Since lists are ordered sequences, it may happen that we require to add an element at a specific index. The insert() function is used to insert an element at a specific index inside the list. The following is the syntax:

sample_list.insert(i, x)

Here, sample_list is the list you want to insert the element. The first argument, i, is the index at which you want to insert the element and the second argument, x, is the element to be inserted.

Note, like append and extend, insert also does not return a list. It modifies the list in-place.

Example:

# insert
ls = ['red', 'blue', 'green']
# print the original list
print("Before")
print("ls:", ls)
# insert 'yellow' at the 1st index
ls.insert(1, 'yellow')
# print the updated list
print("After")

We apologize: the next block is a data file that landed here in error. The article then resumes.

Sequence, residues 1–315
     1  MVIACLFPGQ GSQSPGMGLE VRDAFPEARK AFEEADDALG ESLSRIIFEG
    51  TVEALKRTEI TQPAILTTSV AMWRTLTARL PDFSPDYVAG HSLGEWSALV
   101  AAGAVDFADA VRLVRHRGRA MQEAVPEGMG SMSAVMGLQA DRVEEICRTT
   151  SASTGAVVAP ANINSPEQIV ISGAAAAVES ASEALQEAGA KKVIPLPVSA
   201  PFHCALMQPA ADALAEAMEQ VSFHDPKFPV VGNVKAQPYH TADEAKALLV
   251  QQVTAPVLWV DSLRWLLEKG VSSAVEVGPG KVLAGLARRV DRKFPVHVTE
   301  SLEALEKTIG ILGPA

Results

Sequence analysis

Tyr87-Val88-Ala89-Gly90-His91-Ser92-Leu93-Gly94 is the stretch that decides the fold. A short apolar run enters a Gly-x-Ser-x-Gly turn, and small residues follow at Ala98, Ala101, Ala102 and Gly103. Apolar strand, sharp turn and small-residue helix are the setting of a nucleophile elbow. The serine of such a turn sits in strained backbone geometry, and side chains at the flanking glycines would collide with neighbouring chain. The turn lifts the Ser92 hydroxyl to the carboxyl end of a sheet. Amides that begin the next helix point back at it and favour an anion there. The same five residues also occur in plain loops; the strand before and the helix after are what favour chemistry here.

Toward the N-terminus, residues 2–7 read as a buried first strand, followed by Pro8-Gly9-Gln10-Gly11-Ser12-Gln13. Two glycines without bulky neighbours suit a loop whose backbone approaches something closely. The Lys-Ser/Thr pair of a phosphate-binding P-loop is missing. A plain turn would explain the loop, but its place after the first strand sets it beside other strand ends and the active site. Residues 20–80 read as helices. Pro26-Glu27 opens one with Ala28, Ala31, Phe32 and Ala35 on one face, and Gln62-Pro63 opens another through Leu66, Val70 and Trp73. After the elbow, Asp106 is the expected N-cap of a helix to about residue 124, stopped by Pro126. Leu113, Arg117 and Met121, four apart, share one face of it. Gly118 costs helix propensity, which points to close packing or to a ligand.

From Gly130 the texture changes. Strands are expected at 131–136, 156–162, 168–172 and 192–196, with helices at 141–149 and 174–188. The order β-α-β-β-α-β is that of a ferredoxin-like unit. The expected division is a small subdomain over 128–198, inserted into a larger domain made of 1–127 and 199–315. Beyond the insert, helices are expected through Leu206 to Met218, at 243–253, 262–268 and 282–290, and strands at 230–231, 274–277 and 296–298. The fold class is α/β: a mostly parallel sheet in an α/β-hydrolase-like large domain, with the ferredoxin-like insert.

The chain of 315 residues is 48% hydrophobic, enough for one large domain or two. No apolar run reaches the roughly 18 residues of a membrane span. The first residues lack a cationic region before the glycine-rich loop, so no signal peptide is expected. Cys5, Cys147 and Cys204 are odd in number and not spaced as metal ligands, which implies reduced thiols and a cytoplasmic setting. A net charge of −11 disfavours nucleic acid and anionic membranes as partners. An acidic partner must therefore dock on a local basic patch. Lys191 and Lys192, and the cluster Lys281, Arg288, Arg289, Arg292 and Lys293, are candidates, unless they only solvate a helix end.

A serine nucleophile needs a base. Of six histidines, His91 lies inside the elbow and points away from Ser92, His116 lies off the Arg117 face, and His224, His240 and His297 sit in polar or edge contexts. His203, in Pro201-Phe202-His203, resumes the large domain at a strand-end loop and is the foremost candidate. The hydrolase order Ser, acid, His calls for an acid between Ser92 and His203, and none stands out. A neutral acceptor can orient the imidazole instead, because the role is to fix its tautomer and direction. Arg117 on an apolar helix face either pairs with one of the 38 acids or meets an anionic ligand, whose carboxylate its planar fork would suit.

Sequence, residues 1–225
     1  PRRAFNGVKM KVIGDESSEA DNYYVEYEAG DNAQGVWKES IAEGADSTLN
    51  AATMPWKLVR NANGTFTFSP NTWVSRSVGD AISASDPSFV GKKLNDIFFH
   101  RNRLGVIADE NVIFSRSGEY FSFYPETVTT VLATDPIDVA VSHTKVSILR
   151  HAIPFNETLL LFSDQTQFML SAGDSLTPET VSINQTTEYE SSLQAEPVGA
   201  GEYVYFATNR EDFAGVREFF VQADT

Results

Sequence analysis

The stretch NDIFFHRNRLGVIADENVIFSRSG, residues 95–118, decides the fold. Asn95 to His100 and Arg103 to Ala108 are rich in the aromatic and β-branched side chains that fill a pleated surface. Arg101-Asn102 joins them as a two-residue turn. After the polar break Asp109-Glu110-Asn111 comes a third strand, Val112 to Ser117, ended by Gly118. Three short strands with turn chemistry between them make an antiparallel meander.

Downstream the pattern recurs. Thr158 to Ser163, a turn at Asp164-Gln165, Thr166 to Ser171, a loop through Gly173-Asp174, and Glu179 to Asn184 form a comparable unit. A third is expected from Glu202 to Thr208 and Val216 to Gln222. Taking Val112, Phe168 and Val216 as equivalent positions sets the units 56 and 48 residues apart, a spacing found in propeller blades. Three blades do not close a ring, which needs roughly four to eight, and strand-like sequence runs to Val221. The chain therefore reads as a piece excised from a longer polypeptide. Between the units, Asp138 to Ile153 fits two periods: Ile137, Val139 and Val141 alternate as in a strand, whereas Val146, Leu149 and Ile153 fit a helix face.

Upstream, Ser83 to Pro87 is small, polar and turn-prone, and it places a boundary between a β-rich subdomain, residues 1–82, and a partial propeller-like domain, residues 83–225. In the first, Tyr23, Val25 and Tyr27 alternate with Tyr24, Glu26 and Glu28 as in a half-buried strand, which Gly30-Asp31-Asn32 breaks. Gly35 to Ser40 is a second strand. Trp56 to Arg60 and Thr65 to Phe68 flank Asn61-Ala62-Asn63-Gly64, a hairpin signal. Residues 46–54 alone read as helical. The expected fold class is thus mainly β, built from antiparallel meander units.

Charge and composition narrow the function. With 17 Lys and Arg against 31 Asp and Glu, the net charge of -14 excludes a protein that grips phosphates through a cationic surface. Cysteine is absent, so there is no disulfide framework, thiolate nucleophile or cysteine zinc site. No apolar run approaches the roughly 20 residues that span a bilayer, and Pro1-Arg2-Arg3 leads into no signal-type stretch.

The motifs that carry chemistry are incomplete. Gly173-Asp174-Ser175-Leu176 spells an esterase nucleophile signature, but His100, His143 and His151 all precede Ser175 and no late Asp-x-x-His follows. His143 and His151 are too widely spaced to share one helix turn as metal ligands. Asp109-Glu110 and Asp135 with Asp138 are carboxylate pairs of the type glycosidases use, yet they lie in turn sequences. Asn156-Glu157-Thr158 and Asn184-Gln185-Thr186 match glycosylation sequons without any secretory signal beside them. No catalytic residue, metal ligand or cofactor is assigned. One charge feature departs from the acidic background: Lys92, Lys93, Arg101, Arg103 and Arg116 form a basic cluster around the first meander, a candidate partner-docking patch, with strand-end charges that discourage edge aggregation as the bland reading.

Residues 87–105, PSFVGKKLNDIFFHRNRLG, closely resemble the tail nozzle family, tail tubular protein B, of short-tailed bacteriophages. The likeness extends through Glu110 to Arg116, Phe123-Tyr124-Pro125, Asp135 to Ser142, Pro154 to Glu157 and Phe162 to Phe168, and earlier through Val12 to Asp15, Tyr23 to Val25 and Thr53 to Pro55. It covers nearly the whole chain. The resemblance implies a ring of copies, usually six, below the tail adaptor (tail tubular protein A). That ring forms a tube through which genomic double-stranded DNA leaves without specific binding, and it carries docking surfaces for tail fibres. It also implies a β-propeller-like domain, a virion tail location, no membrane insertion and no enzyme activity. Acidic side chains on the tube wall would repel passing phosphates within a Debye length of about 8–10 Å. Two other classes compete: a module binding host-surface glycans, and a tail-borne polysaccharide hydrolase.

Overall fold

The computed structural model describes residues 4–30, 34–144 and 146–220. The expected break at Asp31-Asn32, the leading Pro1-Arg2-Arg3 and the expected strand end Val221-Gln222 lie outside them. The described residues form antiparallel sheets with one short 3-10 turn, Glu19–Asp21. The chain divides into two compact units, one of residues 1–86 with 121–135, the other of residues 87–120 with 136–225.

print("ls:", ls)

Output:

Before
ls: ['red', 'blue', 'green']
After
ls: ['red', 'yellow', 'blue', 'green']

In the above example, we use the insert function to insert the string yellow at the index 1.

The following table shows the time complexities of the three functions:

FunctionTime Complexity
append()O(1)
extend()O(k)
insert()O(n)
n represents the size of the list while k represents the size of the parameter

We see that of the three methods, append is the quickest. The extend function has a linear time complexity with respect to the size of the parameter (that is, the iterable) while the insert function has a linear time complexity with respect to the size of the list on which the function is applied.

For more on time complexity of different functions in python refer to the python wiki.